By Andrew Gettinger, M.D./ Chief Medical Information Officer, Director, Office of Clinical Quality and Safety , and
Marcy Opstal/ Health Scientist (Informatics), Office of Clinical Quality and Safety
With the rapid adoption of certified electronic health records (EHRs) and health information technology (health IT) tools, the Office of the National Coordinator for Health Information Technology (ONC) has been working to help address concerns about the safe use of these tools, including issuing legislative proposals to better foster the flow of health information.
Informed by the July 2015 Health IT Safety Center Roadmap, the Health IT Safety Collaborative, as proposed, would be a voluntary public-private partnership with confidentiality protections for health IT developers and health care providers to identify best practices, address concerns, and cultivate health IT safety competencies across the care continuum.
ONC is committed to continuing other efforts to foster ever-safer health IT and health care as well. One topic we have focused on is pick lists, also known as drop-down lists in an EHR, which are often used when a provider first enters patient information, and subsequently orders prescriptions and dosages for each patient. Specifically, an ONC contractor, RTI International, convened a workgroup of stakeholder experts in clinical care and health IT, as well as participants representing the patient perspective, to review available evidence and examine recommendations to address medication management errors in ambulatory EHR systems.
Among other things, the findings of this workgroup resulted in the creation of the Report on the Safe Use of Pick Lists in Ambulatory Care Settings: Issues and Recommended Solutions for Improved Usability in Patient Selection and Medication Ordering. This report summarizes the current state of knowledge and provides recommendations to help health IT developers, implementers, chief medical information officers (CMIOs), and patient care teams minimize the risk of pick list errors and facilitate detection of errors before patients may be harmed.
While pick list errors can occur during several tasks in the medication management process, the report focuses on two error types: (1) those that occur when the wrong patient’s record is being used (i.e., wrong-patient error) or (2) those that occur when the wrong medication is selected from a drop-down list (i.e., wrong-medication errors). The report also identifies factors may either increase or decrease the risk of each error.
The recommendations and resources were developed with a focus on ambulatory care settings, such as doctors’ offices, but many are also appropriate for consideration in other care settings, such as hospitals and long-term care facilities. The workgroup identified six available and beneficial straightforward measures that were not currently being used by many organizations in their processes for ordering medications using an EHR:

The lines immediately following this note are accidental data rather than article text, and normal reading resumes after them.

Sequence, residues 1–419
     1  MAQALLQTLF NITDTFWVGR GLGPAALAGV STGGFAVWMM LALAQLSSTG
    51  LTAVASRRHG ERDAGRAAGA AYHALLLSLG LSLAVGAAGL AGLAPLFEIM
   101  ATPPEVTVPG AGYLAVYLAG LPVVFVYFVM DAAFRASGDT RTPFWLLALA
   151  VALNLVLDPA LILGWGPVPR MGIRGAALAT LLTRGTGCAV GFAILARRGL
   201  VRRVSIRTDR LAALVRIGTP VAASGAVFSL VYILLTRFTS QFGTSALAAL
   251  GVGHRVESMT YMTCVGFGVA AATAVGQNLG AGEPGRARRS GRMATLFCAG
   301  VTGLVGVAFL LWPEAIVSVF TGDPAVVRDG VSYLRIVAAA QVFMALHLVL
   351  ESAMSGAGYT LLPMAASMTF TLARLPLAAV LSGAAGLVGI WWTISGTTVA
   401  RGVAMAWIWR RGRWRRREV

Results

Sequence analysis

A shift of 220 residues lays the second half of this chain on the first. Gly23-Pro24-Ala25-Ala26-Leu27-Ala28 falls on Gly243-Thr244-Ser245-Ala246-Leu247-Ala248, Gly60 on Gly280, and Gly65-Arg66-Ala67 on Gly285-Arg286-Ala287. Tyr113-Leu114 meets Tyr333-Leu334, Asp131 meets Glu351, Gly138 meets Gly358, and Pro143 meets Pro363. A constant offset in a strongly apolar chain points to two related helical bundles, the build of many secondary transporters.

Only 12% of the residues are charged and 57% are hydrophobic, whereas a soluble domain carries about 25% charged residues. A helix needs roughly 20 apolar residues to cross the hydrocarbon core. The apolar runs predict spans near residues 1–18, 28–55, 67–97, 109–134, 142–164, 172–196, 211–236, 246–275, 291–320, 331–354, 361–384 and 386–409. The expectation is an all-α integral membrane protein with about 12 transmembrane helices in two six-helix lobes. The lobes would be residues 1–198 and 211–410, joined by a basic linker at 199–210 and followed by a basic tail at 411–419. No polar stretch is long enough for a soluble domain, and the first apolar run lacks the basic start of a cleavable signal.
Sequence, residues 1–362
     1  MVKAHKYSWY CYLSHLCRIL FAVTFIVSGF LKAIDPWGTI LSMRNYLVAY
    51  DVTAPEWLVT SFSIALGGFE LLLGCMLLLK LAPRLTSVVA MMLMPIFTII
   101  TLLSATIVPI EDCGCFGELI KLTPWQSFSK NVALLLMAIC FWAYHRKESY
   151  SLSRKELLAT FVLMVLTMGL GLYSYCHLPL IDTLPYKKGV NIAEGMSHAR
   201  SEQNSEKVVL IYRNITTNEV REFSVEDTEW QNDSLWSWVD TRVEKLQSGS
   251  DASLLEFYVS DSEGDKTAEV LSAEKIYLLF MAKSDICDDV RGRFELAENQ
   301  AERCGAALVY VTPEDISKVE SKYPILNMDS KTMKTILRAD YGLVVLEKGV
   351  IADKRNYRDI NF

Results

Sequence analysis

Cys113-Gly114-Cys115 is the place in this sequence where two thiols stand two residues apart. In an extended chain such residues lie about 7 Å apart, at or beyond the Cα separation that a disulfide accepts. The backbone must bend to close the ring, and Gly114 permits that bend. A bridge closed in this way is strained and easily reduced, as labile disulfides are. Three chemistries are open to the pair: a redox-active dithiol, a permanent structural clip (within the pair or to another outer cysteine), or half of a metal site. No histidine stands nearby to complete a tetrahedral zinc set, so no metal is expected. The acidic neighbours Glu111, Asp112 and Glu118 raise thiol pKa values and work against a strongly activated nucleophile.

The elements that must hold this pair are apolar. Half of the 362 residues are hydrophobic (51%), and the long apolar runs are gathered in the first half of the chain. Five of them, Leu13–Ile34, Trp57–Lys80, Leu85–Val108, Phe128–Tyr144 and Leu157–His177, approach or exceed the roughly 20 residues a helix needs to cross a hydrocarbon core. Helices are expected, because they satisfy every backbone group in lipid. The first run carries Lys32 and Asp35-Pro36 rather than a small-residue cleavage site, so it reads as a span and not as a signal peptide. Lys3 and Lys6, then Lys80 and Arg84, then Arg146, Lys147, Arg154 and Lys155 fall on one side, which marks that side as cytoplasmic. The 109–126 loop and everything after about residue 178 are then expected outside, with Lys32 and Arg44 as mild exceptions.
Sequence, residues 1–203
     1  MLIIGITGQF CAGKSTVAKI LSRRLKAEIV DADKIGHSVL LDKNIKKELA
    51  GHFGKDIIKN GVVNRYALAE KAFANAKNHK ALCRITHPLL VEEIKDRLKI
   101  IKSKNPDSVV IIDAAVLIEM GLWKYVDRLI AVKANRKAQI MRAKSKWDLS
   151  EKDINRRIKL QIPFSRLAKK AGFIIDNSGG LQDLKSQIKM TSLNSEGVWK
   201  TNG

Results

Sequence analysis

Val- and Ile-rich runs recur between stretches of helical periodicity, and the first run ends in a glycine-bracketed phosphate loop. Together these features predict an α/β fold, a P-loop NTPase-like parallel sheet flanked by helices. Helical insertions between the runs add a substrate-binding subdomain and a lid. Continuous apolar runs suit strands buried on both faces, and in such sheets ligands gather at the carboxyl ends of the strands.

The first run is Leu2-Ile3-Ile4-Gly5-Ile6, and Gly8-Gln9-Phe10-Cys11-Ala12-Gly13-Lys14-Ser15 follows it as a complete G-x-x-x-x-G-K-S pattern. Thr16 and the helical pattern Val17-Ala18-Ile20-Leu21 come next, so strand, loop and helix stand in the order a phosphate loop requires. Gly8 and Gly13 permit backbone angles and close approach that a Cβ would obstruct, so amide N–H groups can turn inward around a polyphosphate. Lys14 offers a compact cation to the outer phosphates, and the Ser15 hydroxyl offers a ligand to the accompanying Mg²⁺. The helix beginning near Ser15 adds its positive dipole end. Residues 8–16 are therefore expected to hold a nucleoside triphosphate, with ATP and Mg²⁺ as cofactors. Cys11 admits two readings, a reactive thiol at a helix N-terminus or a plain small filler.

- Use specific design features to reduce wrong-patient pick list errors such as using a patient’s photograph in the record;
- Standardize the names of drugs listed in the EHR;
- Implement best practices to organize, design, and configure pick lists, including the standardized drugs being prescribed through the EHR;
- Create a summary review screen that can be viewed before a medication order is completed;
- Make it easier for ordering clinicians to correct or revise incorrect orders and for the system to track those circumstances as a means to identify areas in which EHR improvements might be considered; and
- Provide all patients with lists of their current medications, including a description of why each medication is prescribed.
While we continue to advance health IT safety across the board – including by working with Congress to create the Health IT Safety Collaborative – this report and the recommendations developed with a wide range of stakeholders represent an important step to make health IT safer, and more safely used, in all health care settings.
ONC hosted a webinar to discuss highlights from the report’s findings, and how its resources might be put into action on November 17, 2016. Slides from this webinar are now available*
*Persons using assistive technology may not be able to fully access information in this file. For assistance, contact ONC at email@example.com.
This post was originally published on the Health IT Buzz and is syndicated here with permission.